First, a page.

For the quantification of iP and tZ, 100 mg of fruit tissue was extracted in 1 mL of 70 % (v/v) ethanol, 0.2 mM diethyldithiocarbamic acid, spiked with 5 pmol of d6-iP and d5-tZ (OlChemIm Ltd., Olomouc, Czech Republic) as internal standards, for 2 h at 4 °C on a rotating mixer. After the tissue was pelleted by centrifugation at 4 °C, the supernatant was removed and kept at 4 °C, while the pellet was re-extracted in 1 mL of 70 % (v/v) ethanol, 0.2 mM diethyldithiocarbamic acid for 1 h at 4 °C. Following centrifugation the supernatant was combined with the initial extract, the organic solvent was removed in vacuo and the aqueous phase was adjusted to pH 7.5 (NaOH) and applied to a 100 mg C18 SPE column (Waters, Wexford, Ireland). The column was washed with water pH 7.5 (2 mL) and then eluted with 80 % (v/v) MeOH, 2 % (v/v) acetic acid (2.5 mL). The dried residue was re-suspended in 50 μL 90 % (v/v) 15 mM formic acid, adjusted to pH 4.0 with ammonia, 10 % (v/v) methanol to be analyzed with an Agilent LC-MS system (1200 series HPLC coupled with a 6410 triple quad mass spectrometer). The sample (10 μL) was first separated on a Luna C18 column (75 × 4.6 mm, 5 μm, (Phenomenex, Torrance, CA)) held at 30 °C using the following solvent conditions: 0–20 min, linear gradient from 10 % (v/v) MeOH, 90 % 15 mM formic acid, adjusted to pH 4.0 with ammonia to 95 % (v/v) MeOH, 5 % (v/v) 15 mM formic acid, adjusted to pH 4.0 with ammonia, held for 5 min, linear gradient from 95 % (v/v) to 10 % (v/v) MeOH in 1 min, held for 6 min, 0.4 mL min−1. The effluent was introduced into the ESI ion source (nebulizer pressure 35 psi) with a desolvation gas temperature of 300 °C at a flow of 8 L min−1, with the capillary voltage set to 4 kV. The detection was performed by multiple reaction monitoring in positive ion mode. The optimization of fragmentation was done with iP, tZ (Sigma-Aldrich, St. Louis, MO, USA) as well as the labelled standards using the Agilent MassHunter Optimizer software (version B03.01). The following main transitions were used for quantitation: d6-iP 210 > 137, iP 204 > 136, d5-tZ 225 > 137, tZ 220 > 136. In addition, a qualifier ion transition was included for each compound: d6-iP 210 > 148, iP 204 > 148, d5-tZ 225 > 119, tZ 220 > 119. The sensitivity of the analysis was enhanced by monitoring d5-tZ and tZ in a different retention window (0–15 min) to d6-iP and iP (15–22 min). The concentrations of iP and tZ in the extracts were quantified in relation to their internal standards using calibration curves that had been generated as follows: 50 μM stocks were used to prepare eight standard solutions (1 nM–500 nM) and 50 μL of each standard solution was mixed with 5 pmol of d6-iP and d5-tZ (in triplicate). Samples were dried in vacuo and resuspended in 50 μL of 90 % (v/v) 15 mM formic acid, adjusted to pH 4.0 with ammonia, 10 % (v/v) methanol resulting in internal standard concentrations of 100 nM each. A 10 μl-aliquot of each sample was subjected to an LC-ESI-MS/MS analysis as described above and calibration curves were generated using the Agilent Quantification software (version B04.00) by plotting the known concentration of each unlabelled compound against the ratio of analyte peak area to corresponding internal standard peak area. The limits of detection (signal-to-noise ratio >3) gained from the calibration curves were 0.2 fmol μL−1 for tZ and 0.08 fmol μL−1 for iP, the limits of quantification (signal-to-noise ratio >10) were 0.67 fmol μL−1 for tZ and 0.25 fmol μL−1 for iP.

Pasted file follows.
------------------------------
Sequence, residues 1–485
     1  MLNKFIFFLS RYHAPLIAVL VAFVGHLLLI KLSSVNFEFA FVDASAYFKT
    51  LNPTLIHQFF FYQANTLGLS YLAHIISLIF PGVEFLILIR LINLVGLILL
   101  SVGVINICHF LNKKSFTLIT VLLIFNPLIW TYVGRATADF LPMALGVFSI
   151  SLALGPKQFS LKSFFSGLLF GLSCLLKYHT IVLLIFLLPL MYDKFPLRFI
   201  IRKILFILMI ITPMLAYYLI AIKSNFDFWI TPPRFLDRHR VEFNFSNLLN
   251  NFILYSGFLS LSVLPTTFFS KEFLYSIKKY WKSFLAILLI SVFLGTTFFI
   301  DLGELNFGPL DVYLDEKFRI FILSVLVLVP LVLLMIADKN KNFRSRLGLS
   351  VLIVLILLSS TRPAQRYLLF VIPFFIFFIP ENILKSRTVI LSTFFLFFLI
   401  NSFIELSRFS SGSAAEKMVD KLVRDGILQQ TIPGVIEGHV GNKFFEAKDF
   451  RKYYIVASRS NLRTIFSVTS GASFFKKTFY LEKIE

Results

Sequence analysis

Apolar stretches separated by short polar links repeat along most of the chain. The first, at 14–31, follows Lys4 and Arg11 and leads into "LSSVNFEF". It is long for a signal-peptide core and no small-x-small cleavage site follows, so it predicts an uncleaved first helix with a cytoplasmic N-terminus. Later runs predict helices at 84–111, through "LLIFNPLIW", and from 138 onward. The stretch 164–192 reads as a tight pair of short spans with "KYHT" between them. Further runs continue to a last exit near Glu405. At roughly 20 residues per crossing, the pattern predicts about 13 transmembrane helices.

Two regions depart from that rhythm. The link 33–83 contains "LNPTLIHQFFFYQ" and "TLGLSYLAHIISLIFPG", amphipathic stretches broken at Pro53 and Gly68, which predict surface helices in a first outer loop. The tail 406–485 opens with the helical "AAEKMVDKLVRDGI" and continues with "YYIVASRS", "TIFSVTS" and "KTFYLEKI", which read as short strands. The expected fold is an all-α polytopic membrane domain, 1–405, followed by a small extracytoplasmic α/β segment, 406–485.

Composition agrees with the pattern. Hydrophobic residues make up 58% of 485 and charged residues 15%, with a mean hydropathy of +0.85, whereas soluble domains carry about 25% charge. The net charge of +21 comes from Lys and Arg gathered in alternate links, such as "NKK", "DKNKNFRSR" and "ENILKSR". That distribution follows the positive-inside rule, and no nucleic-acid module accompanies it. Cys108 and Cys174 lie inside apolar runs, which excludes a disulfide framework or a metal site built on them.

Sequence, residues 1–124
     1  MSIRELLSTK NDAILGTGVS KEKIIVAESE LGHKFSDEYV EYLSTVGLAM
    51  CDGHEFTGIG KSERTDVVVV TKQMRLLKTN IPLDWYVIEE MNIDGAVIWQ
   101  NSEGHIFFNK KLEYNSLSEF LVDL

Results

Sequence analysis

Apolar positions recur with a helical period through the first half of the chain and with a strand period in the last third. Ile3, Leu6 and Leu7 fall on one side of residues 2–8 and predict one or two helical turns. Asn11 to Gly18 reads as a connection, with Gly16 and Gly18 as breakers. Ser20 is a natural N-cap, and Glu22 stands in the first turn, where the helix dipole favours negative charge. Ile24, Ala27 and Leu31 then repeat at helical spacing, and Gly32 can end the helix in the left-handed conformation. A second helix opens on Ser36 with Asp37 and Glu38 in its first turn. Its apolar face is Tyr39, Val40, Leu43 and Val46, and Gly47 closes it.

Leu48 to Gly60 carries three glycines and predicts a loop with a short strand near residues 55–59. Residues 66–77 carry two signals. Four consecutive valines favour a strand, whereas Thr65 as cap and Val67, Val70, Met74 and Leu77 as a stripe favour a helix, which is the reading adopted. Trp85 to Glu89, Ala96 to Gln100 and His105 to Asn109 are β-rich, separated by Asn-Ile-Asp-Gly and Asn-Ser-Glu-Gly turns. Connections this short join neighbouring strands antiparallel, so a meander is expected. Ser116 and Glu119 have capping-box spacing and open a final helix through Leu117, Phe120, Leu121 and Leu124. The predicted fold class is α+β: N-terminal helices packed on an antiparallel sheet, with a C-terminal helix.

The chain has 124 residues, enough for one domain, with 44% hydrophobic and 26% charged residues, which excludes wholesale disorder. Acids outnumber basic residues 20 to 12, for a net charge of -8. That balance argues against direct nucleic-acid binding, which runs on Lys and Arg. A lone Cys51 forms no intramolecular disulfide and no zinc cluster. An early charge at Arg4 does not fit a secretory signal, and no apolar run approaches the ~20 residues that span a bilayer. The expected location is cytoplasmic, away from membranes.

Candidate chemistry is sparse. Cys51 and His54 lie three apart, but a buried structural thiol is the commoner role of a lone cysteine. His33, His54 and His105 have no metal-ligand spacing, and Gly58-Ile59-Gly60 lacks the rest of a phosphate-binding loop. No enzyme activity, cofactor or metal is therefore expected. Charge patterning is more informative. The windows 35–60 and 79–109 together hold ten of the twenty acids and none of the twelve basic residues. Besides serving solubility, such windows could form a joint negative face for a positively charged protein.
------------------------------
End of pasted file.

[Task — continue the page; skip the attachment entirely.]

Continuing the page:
Statistical data analysis